are also compatible with 10spd hubs IIRC.
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Old 02-23-19, 01:02 PM
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I do not think you are going to be able to use as much off of your CX bike as you are hoping. It would be difficult to adapt the crank to single side drive due to the chainring design. I do not believe the 540 tandem hubs are 11 speed compatible and the CX wheels are not going to work on the tandem because of the rear spacing being different (135mm vs. 145mm), so the shifting/braking system is not going to be immediately transferable. Particularly if you are on a budget, my immediate suggestion would be to just get out and ride the bike a few months before jumping into upgrades. I find that my shifting preferences, for example, are different on the tandem, and the gearing needs definitely are different. A few months on the bike could usefully inform what you want to upgrade first. There is a significant difference of opinion regarding the BB-7 brakes, I personally find them to be quite acceptable, but you really need to have high quality compressionless housing. If yours does not, then the one thing I would to is immediately redo the brake cable/housing setup.


We have a 'dale a few years older than yours and I don't know of any really Cannondale-specific parts that I would be worried about having on hand. Ours has removable cantilever brake mounts, but I'm guessing by yours that it is disc brake only.
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Old 02-23-19, 06:45 PM
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My advice is don't change anything you don't have to. We're riding a 2003 Ultegra tandem. We've had to replace the 9-speed brifters with 10-speed because they wore out. That meant also changing the FD to 10-speed, but the XTR 9-speed RD works fine with 10-speed. The only thing is that the supply of 10-speed rings is not infinite.

If you get the bike and you love it and love tandeming, start a savings account for a new tandem. They really have to be built from the ground up.
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Old 02-23-19, 08:50 PM
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Originally Posted by Carbonfiberboy View Post

If you get the bike and you love it and love tandeming, start a savings account for a new tandem. They really have to be built from the ground up.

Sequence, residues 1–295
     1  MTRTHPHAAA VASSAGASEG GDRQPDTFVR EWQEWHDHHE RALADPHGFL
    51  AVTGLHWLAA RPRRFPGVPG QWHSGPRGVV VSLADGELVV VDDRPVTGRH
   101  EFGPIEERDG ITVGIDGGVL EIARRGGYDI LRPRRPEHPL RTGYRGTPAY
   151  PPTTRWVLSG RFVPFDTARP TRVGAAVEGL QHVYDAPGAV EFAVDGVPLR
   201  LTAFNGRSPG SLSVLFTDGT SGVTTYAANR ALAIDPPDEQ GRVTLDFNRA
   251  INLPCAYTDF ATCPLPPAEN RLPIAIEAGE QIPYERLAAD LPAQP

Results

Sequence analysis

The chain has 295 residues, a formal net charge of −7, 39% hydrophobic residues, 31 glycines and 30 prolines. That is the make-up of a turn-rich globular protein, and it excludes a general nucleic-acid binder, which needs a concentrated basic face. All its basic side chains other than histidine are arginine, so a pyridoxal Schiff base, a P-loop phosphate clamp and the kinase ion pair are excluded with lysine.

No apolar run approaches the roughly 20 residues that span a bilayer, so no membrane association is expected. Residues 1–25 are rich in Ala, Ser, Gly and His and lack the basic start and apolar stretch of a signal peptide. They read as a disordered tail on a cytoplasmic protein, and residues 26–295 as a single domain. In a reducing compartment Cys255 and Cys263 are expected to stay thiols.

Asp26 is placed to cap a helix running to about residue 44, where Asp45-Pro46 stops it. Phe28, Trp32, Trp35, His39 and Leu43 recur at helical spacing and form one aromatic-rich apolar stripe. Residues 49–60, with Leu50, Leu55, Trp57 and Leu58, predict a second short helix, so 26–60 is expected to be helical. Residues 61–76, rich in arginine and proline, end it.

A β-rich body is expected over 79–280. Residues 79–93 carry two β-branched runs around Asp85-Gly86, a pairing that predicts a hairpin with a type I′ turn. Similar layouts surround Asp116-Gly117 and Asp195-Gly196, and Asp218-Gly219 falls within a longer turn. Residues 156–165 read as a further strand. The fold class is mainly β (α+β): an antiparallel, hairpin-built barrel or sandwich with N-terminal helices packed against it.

If you like how a bike rides, which is mainly in the frame, then why automatically save up for a completely different bike that may not ride as well as the one that you are leaving behind? I think upgrading a frame that one really likes makes a tremendous amount of sense, but you need to know that you like the frame before you start doing it. Why does one have to build a tandem from the ground up?
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Old 02-23-19, 11:24 PM
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Because generations of bike parts are not backward compatible, the frame is the cheap part, and old parts become unobtainable,. Everything wears out. I can't run disc brakes on my machine because the frame and fork lack the "braze-ons". I can run a drum, but one can't do that on a stock modern frame. No braze-on. BBs and cranksets. FDs and RDs, their attachments and cable pulls. Rear hubs and their compatibility issues. The bike needs to be designed from the start to accept particular components, whatever they are. Singles are much less complicated, but similarly you can't run even a 9-speed rig on a 70s road bike, the bars aren't designed for brifters, and you can't even get decent tires for those rims.

I was writing for the OP particularly. C'dales were stiff, inexpensive tandems, but the ride and handling were seldom loved.
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Old 02-24-19, 08:37 PM
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Thanks so much for all the responses, I took notes from each and everyone of them, some being more eye opening than others, such as the one about 145mm rear spacing vs 135 (that never crossed my mind).

I didn't remember that Tandems East had such a detailed catalog of Tandem specific parts. I just took some ideas from there to come up with a first draft of the parts I'll need when I move forward with the upgrade.